“He is close to us, always beside us, walking with us to share our joys and our sorrows, our hopes and our struggles.”
Yesterday our family was blessed to participate in the Children’s Hospital of Philadelphia’s annual run/walk to conquer childhood cancer. Peter was one of a few children picked as an ambassador, and our family has spent the last month building up team "Peter Rocks" for a strong showing.
As our swarm of blue shirts descended on Center City Philadelphia, we noticed other packs of different colored shirts coming from every direction – all cheering for a different child walking with us or watching from heaven. As we walked with family and friends, I kept thinking the same thing that some of our team members commented to me – thousands of people, countless individual stories, all connected by the same difficult thread. And this was just one day in one city. As the shirt colors mixed and mingled, I found myself a part of the most heartbreaking and yet at the same time the most beautiful tapestry I had ever seen.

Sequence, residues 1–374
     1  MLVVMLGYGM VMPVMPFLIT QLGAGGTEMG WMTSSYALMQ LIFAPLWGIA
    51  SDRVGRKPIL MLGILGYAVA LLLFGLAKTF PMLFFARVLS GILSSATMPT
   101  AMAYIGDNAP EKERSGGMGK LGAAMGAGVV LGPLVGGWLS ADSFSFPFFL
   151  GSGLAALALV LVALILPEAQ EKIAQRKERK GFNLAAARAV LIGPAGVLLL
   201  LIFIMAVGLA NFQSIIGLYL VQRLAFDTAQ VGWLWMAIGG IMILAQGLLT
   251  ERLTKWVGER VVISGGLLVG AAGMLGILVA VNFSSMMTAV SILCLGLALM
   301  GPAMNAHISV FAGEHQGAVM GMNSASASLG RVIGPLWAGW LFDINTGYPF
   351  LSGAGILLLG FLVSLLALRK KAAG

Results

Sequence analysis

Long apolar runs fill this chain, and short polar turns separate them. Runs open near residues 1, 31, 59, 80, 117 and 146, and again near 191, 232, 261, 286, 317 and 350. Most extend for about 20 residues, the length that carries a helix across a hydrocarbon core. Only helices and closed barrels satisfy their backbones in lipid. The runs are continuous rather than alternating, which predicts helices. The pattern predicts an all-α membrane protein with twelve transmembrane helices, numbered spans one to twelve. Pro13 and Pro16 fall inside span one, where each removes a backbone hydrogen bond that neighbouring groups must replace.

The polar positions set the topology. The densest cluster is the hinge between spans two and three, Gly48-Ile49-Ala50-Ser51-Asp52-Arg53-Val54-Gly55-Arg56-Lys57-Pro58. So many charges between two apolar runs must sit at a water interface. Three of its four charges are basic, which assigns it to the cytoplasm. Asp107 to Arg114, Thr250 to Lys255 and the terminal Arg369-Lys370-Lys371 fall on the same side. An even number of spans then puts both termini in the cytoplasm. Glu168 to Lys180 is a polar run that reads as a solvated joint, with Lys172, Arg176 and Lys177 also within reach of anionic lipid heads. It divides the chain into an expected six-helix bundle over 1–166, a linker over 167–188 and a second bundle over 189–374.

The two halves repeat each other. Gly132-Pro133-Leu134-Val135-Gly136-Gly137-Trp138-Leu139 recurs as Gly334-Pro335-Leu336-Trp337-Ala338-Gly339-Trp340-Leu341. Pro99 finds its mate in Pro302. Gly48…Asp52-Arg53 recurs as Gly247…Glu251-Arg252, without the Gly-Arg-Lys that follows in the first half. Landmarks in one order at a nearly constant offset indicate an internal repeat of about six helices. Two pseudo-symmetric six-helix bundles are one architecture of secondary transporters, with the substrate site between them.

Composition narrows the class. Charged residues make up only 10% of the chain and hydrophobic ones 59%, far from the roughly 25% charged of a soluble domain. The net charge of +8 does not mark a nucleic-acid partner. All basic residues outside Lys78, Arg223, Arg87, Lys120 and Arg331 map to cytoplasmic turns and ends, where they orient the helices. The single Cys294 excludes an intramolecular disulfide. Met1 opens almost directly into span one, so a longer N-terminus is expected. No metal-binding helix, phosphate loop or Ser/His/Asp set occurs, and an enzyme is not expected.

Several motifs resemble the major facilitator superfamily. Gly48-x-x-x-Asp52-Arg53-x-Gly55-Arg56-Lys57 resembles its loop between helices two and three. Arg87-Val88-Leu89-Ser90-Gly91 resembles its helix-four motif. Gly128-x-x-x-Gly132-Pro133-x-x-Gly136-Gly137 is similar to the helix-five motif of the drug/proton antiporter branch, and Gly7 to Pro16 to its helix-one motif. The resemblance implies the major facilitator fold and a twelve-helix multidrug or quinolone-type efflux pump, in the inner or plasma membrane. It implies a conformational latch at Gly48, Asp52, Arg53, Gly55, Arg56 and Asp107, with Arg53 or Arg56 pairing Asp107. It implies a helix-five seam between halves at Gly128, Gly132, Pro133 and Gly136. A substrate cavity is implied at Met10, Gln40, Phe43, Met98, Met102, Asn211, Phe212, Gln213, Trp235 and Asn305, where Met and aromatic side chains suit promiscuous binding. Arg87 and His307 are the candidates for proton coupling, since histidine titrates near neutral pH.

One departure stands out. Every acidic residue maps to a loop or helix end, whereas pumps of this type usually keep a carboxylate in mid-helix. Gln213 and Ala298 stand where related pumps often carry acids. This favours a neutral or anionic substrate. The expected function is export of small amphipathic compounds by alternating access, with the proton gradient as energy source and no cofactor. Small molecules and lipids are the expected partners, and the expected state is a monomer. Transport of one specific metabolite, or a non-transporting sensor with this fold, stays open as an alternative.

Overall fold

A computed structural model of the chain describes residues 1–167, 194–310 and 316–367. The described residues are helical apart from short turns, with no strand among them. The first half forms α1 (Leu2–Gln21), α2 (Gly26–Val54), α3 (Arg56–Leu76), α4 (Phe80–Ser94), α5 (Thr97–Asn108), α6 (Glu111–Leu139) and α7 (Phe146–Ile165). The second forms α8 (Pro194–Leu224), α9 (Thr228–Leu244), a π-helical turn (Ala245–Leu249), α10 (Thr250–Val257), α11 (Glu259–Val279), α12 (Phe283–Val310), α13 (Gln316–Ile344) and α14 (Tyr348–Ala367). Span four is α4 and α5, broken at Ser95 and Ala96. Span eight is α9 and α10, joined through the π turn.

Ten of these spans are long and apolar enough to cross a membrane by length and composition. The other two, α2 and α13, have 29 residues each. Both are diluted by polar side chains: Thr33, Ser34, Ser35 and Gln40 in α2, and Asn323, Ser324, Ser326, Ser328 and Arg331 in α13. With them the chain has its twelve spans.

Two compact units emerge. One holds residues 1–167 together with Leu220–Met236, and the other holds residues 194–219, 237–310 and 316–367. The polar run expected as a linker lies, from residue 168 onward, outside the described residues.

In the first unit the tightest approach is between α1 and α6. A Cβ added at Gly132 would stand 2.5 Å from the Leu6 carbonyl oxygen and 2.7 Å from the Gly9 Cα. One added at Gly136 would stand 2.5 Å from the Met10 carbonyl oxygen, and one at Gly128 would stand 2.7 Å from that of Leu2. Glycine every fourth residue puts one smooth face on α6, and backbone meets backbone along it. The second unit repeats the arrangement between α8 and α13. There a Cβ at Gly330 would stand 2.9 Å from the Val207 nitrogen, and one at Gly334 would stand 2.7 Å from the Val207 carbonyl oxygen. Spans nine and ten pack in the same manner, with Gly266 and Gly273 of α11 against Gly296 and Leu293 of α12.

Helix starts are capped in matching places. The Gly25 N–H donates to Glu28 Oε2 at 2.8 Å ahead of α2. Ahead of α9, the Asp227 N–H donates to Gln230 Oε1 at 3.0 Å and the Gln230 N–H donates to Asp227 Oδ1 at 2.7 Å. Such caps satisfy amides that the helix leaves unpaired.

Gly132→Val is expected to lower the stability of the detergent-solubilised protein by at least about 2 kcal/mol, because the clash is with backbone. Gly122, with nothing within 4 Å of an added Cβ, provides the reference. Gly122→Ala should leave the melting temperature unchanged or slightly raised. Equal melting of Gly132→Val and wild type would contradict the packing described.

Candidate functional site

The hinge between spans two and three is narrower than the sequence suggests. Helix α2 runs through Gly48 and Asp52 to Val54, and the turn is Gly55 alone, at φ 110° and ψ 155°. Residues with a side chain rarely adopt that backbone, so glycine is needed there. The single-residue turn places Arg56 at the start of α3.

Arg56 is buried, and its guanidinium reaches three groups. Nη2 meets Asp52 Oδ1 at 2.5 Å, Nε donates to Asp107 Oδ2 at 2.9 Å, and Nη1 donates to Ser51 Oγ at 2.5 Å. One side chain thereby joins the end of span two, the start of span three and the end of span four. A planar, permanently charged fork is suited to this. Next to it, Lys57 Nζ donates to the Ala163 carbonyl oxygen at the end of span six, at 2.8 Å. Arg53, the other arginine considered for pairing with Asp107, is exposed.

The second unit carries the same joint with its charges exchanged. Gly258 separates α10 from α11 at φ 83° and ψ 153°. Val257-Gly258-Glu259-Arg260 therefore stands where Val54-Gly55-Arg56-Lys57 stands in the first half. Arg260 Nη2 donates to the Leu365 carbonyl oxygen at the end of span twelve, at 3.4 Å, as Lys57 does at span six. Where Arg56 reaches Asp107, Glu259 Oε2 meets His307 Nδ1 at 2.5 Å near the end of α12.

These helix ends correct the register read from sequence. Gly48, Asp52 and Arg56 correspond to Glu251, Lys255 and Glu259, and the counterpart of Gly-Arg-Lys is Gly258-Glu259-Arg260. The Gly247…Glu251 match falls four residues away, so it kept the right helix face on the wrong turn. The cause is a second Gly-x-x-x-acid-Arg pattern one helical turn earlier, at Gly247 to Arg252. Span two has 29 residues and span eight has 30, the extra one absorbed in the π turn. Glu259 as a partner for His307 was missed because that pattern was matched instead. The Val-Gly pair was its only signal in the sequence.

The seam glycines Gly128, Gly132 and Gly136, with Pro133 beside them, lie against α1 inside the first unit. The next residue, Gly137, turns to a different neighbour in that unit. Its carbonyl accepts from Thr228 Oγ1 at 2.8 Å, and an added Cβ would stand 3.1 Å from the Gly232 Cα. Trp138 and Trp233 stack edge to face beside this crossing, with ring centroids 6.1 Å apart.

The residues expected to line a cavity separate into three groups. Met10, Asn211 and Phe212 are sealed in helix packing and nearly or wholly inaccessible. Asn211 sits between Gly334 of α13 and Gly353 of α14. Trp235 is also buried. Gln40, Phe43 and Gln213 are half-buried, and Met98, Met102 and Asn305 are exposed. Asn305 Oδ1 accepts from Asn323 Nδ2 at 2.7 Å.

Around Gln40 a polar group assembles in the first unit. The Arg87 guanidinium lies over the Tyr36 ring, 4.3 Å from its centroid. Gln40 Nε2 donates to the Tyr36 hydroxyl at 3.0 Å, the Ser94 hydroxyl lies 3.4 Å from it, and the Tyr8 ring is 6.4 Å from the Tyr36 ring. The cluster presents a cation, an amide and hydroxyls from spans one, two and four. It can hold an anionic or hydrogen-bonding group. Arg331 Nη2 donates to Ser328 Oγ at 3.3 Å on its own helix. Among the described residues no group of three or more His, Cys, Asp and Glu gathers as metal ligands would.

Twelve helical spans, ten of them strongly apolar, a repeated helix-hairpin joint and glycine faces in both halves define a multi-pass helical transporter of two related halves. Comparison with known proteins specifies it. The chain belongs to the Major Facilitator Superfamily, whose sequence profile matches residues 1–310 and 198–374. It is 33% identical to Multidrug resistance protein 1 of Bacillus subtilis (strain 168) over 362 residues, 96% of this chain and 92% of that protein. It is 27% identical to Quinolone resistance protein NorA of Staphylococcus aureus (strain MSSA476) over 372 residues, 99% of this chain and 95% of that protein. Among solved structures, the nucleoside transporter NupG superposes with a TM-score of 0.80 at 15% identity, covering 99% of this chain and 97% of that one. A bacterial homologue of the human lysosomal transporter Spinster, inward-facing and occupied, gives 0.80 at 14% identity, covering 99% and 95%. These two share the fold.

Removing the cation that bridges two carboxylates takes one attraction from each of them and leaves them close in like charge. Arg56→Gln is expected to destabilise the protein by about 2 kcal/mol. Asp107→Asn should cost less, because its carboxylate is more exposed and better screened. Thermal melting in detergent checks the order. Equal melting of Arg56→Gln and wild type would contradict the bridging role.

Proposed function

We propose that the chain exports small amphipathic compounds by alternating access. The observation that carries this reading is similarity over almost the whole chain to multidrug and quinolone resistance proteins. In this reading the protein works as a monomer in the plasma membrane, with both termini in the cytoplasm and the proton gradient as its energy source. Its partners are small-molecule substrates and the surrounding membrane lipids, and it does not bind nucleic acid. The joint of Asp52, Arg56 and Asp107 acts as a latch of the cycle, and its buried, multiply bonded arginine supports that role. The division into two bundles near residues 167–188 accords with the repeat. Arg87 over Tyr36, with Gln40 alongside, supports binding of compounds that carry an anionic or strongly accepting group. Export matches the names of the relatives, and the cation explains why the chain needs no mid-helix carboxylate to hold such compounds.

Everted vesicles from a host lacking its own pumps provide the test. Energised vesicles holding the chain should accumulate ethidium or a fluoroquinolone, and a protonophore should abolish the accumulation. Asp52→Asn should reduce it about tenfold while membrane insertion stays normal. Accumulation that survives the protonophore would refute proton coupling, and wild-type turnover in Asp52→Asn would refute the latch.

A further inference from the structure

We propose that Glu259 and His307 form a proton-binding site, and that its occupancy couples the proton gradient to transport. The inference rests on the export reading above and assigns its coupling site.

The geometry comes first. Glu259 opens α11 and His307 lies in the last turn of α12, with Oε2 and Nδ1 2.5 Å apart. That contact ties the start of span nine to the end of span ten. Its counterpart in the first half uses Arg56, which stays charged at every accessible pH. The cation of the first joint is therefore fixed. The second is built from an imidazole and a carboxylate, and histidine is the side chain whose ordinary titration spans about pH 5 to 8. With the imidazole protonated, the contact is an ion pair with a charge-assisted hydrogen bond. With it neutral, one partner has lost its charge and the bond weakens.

As we walked back to our car exhausted but grateful for such a beautiful morning, I thought about all the talk in our Church lately about being "synodal." At its core, I’m not so sure it’s about debating an issue or creating new structures. Synodality is about how we walk with each other and, more importantly, how the Lord walks with us all. It’s about sharing our living memory as a people. It’s about how the Holy Spirit continues to reveal to us who God is and how God loves us through our love of one another. It’s about our remembrance and rejoicing even in suffering.
In yesterday’s crowd, my family was known while among strangers. Our story was told in footsteps. For all gathered, the unity was obvious and grounded not in an idea, but in a person, in a relationship. As a disciple, am I grounded first in an idea or in a person? Do I recognize the importance of my relationships as I profess my beliefs? Can I hold the story of a stranger in the same way I can hold the story of a loved one because of our common identity in Christ?
We drove straight from the race to our parish for Mass and though we weren’t walking anymore, I gratefully felt the same Spirit still moving through a community gathered in a person, the Person. Prayers for all those with whom you will walk this week.
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